• Write sentences without a lot of grammar errors.
      • Give my opinion, share information, ask questions, and disagree with others.
      6
      I can:
      • Write an essay of more than 3 pages.
      • Use sources to support my own ideas.
      • Read a full-length book in English.
      • Write sentences without using slang (informal English).
      • Write sentences without a lot of grammar errors.
      • Give my opinion, share information, ask questions, disagree with others, and understand most of what I hear.
    • Reading

      Some students who take the Assessment Questionnaire (AQ) might be asked to contact a counselor to complete the assessment process for Reading.  If English is your native language and you received this message, we ask you to read the following College Reading Guided Self-Placement information.  This information will help you understand your readiness for enrolling in either READ 90 (Reading College Texts) or READ 100 (Analysis and Critical Reading).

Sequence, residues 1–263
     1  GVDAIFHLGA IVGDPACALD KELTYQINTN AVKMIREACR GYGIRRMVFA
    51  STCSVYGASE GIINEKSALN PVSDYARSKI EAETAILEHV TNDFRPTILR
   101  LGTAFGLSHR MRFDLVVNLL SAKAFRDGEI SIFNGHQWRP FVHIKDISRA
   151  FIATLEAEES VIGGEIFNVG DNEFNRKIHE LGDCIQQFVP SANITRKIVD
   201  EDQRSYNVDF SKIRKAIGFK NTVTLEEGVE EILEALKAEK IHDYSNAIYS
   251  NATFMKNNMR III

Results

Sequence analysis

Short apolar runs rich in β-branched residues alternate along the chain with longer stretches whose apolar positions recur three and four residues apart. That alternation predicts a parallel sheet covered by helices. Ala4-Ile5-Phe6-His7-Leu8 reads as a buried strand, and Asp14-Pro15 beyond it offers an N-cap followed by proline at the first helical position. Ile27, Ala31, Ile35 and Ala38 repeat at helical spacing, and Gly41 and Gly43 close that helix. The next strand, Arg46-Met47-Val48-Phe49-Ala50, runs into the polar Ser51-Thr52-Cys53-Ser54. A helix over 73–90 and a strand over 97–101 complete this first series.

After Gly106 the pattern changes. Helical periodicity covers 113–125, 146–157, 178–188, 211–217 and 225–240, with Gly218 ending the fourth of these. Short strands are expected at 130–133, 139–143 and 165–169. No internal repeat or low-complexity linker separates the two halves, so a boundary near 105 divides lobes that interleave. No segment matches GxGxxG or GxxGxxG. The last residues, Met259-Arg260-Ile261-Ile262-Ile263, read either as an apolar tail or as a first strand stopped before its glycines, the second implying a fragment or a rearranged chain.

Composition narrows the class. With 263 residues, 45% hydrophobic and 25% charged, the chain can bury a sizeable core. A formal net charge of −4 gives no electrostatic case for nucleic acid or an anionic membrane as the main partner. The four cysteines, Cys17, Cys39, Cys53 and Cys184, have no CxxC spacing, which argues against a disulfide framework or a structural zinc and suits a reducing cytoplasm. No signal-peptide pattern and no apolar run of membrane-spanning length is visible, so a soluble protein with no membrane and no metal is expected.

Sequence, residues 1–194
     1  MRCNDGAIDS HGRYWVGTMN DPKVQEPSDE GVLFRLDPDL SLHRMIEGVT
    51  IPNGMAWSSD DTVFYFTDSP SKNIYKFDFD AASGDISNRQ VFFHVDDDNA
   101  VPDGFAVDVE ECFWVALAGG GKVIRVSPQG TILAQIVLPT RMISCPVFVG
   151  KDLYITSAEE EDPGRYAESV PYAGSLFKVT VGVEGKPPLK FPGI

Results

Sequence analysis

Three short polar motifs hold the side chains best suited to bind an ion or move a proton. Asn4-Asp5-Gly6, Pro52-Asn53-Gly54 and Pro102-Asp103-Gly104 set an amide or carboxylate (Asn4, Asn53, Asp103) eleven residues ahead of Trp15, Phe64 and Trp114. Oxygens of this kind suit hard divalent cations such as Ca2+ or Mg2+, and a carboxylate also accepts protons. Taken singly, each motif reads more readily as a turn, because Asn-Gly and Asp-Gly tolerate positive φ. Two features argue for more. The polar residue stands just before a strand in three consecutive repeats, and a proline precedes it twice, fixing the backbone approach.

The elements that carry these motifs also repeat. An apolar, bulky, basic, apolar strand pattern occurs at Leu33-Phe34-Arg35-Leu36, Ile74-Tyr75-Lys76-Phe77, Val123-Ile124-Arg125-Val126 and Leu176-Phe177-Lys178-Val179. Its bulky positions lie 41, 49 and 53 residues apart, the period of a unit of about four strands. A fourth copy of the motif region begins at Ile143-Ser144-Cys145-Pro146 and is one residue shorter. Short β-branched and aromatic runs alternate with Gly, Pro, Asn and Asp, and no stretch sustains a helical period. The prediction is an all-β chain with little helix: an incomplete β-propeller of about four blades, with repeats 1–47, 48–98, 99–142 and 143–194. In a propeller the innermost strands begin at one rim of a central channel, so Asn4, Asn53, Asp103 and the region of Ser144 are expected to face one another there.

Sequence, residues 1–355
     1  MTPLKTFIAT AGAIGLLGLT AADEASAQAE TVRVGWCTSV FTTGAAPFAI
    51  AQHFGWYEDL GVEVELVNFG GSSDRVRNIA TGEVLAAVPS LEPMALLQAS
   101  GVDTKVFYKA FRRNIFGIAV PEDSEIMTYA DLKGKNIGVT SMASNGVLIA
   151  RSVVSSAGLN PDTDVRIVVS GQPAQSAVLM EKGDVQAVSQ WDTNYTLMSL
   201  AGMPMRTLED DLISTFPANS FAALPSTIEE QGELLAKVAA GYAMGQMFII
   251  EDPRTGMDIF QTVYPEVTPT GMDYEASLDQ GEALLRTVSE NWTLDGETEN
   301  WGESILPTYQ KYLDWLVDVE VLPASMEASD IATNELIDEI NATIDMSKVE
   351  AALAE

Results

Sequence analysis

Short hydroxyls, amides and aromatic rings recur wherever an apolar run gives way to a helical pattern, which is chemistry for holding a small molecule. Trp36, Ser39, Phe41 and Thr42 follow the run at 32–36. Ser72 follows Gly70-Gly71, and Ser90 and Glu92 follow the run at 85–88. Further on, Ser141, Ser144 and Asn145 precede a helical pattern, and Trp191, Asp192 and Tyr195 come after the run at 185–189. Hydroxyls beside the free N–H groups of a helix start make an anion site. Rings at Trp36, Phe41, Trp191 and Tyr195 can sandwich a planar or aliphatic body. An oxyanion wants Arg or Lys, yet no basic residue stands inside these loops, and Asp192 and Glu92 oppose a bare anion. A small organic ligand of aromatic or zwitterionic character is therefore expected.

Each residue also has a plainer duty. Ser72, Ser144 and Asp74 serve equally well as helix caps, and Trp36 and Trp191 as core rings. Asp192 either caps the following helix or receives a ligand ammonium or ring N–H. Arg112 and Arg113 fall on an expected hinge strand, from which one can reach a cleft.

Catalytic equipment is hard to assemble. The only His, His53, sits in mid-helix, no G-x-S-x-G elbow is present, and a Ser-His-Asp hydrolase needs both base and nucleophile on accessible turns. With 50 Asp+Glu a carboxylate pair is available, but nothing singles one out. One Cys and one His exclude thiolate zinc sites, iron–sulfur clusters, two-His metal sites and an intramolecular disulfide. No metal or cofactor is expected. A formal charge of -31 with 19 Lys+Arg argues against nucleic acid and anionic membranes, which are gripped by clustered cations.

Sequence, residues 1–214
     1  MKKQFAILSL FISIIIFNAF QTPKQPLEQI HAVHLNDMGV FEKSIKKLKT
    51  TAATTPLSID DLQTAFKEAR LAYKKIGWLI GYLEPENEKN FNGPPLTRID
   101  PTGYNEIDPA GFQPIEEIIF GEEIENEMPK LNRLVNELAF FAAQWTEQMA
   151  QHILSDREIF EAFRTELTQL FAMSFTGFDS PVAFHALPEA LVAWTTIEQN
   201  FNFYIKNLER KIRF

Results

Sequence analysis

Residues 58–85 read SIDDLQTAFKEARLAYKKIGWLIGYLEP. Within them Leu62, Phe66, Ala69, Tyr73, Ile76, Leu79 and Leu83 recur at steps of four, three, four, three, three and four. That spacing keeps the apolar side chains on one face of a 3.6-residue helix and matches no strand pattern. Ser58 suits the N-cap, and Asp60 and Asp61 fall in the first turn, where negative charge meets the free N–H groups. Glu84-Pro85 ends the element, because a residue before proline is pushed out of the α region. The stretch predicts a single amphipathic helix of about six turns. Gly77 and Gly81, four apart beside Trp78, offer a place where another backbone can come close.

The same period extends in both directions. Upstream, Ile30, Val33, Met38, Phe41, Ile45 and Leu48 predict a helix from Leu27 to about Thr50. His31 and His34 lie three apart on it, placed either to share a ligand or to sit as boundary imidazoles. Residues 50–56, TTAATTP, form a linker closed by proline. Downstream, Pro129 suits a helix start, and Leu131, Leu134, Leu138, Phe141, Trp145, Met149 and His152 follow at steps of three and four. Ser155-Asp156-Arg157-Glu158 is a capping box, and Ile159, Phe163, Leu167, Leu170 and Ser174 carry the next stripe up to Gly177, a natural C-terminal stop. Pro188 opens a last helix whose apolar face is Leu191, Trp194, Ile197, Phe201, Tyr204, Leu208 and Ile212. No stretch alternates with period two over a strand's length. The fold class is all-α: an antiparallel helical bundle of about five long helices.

College Reading: Guided Self-Placement

      Please use this guide to understand your own readiness for READ 90: Reading College Texts or READ 100: Analysis and Critical Reading.

      The following passage comes from a college level Marine Biology textbook, Marine Ecosystems. This excerpt is from Chapter 4.2 “Diversity in the Coral World.” The questions that follow will help you decide which transferrable college reading course is best for you at Mt. SAC.

      4.2.1.2. The orders of magnitude of diversity in the coral world versus other biomes

      Coral environments are considered to be one of the most diverse ecosystems in the world, the marine equivalent of tropical forests on land. It is, however, difficult to quantify the difference between coral environments and other environments, because on the one hand, outside of the vertebrates and a few other groups, the biodiversity data is poorly known [APP 12, PLA 11], and on the other hand, there are distinct ideas of biodiversity:

      – the overall diversity, i.e. all species living in a given ecosystem;

      – the diversity density i.e. the number of species per unit area (or unit volume).